Why Did DC Make Supergirl a Demon-Worshiper? | CBR

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Today, we look at how DC tried to do revamp its Matrix Supergirl character in an unusual, but enthralling, way.

In every installment of Abandoned Love we will be examining comic book stories, plots and ideas that were abandoned by a later writer without actively contradicting an earlier story (so the more passive definition of retcons as being anything that is retroactively added to continuity, even if there is no specific conflict with a past story). Feel free to e-mail me at brianc@cbr.com if you have any suggestions for future editions of this feature.

I’ve talked a little about this recently, but one of the interesting things about the Post-Crisis Superman is that really only the people who were on the books right when the John Byrne revamp occurred (Byrne, Jerry Ordway and Editor Mike Carlin) were PARTICULARLY devoted to the changes that were made to the Superman mythos during Man of Steel, so as Byrne and then Ordway, too, left the books, the writers who came in were definitely fairly devoted to the general idea of the new Superman approach (especially since most of them worked closely with Ordway, who remained on the series from the reboot through 1993 and Ordway definitely felt strongly that the changes made in the reboot shouldn’t be overturned) but had conflicts with some of the specifics of the reboot and so slowly but surely, little bits and pieces of the past continuity were added back to the Superman books.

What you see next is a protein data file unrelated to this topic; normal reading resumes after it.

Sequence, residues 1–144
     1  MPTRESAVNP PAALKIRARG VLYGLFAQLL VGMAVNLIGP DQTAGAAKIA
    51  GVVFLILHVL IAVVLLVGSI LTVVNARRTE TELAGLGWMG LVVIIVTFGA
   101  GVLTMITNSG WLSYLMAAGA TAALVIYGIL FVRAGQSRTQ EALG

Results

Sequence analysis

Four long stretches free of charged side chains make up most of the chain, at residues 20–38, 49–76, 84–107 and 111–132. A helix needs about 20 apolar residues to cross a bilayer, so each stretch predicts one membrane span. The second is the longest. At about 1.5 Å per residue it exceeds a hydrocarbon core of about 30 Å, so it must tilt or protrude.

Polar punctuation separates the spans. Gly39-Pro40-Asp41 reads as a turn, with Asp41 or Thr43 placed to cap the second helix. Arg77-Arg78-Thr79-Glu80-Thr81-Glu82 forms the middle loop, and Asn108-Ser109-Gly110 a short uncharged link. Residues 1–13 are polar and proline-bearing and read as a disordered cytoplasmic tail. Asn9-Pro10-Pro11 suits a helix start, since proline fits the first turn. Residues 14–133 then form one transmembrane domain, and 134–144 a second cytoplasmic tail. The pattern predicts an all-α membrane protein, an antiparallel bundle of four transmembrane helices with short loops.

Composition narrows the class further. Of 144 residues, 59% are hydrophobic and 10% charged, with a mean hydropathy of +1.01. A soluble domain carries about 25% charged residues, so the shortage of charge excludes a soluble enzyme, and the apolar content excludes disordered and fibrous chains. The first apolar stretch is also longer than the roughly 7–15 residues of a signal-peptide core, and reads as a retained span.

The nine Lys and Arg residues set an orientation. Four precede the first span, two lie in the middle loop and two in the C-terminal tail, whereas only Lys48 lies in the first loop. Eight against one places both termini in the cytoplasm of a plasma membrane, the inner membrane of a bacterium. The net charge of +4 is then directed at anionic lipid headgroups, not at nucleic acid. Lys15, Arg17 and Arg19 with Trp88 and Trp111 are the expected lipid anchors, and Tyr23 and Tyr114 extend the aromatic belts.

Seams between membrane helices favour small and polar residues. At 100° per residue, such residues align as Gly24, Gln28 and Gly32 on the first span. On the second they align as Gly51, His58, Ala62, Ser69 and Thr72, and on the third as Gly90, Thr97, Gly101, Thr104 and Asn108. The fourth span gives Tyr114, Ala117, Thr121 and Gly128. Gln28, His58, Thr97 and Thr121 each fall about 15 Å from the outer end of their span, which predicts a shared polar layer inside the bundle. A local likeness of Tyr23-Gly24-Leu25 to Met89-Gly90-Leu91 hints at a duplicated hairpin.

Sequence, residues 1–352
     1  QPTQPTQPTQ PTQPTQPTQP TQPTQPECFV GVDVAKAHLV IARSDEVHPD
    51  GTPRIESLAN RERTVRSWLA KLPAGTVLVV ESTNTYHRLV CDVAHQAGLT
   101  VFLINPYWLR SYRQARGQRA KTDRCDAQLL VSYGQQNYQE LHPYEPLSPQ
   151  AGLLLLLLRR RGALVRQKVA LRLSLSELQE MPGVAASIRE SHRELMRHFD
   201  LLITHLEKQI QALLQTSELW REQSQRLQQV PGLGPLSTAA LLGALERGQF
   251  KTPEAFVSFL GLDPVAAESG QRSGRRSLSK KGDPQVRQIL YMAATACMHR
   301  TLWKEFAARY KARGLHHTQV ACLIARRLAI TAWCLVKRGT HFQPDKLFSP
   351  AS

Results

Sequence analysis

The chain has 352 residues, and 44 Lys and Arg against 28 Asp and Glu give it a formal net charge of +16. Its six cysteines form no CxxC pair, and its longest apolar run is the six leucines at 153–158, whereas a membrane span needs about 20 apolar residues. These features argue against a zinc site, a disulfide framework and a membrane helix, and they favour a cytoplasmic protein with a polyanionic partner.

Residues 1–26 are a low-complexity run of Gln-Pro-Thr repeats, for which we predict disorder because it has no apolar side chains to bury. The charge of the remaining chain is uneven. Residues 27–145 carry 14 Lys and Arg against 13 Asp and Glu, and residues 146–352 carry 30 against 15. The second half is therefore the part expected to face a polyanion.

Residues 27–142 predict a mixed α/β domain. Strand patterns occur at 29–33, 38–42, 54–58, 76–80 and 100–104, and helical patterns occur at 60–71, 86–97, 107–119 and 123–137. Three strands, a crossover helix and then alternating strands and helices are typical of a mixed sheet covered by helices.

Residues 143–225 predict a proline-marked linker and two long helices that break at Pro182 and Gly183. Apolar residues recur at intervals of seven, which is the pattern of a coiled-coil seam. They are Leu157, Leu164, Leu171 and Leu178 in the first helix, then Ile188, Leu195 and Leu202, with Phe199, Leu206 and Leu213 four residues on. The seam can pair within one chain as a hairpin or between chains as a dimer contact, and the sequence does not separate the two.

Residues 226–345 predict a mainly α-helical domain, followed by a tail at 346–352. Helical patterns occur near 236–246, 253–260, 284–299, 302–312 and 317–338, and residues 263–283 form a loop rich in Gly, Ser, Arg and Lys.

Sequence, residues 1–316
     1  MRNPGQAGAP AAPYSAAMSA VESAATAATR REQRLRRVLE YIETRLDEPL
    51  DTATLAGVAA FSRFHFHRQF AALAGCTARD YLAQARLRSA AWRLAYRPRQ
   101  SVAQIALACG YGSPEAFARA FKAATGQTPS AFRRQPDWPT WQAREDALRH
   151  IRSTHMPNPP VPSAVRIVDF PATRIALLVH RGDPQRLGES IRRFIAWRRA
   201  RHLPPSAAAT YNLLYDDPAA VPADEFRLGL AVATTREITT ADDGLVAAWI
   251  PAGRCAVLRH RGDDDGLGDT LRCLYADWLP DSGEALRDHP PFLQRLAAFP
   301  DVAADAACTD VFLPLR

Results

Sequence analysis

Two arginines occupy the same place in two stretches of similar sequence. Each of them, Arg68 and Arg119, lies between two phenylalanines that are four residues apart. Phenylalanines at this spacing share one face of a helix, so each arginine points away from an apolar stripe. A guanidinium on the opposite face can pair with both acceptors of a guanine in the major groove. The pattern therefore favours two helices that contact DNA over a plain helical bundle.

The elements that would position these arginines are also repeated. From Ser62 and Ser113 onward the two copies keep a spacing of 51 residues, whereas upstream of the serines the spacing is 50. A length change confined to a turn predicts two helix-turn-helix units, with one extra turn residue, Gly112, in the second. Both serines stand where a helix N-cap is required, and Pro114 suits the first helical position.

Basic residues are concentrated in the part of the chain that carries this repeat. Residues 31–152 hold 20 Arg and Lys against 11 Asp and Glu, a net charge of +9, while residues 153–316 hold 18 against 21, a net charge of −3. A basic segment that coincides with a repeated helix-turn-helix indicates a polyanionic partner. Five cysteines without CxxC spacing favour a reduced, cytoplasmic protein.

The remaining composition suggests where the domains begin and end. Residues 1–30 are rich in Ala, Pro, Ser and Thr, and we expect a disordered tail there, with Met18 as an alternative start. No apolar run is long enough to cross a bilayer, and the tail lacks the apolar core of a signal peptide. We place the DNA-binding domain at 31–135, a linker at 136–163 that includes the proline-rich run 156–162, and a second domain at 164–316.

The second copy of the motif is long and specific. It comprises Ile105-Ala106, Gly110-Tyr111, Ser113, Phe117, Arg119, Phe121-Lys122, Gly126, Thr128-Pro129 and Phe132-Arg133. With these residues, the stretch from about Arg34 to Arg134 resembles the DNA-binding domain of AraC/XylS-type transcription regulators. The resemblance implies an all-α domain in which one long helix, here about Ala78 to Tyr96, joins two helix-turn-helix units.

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One of the more notable examples was when the alien Matrix adopted her identity of “Supergirl” full-time (after Byrne had teased Supergirl’s existence towards the end of his run, only to reveal that it was really Matrix, an alien shapeshifter from another universe), thus bringing Supergirl back to the books as a regular character for the first time since the Post-Crisis reboot had eliminated the previous version of Supergirl (Superman’s cousin from Krypton) from continuity (one of the big parts of the reboot was making Superman the SOLE survivor of Krypton again). So long as Carlin was still in charge, though, things weren’t going to stray TOO far from the Byrne reboot and so while there were plenty of Superman creators who longed for the other version of Supergirl, the closest they were going to come was an amorphous alien shapeshifter from another dimension who invented the identity of Supergirl. It’s not exactly the sort of thing that rolls off the tongue as a high concept, ya know?

The Superman creators, though, did their best to develop Matrix as well as they could (especially Roger Stern and then, when he left the books, Louise Simonson sort of adopted Matrix). Still, it seemed fairly evident that there was not a whole lot of support for giving Matrix her own ongoing series. Unless, of course, the character could be altered a bit.

RELATED: One Marvel Hero Had the Key to Stopping Mephisto and Threw It Away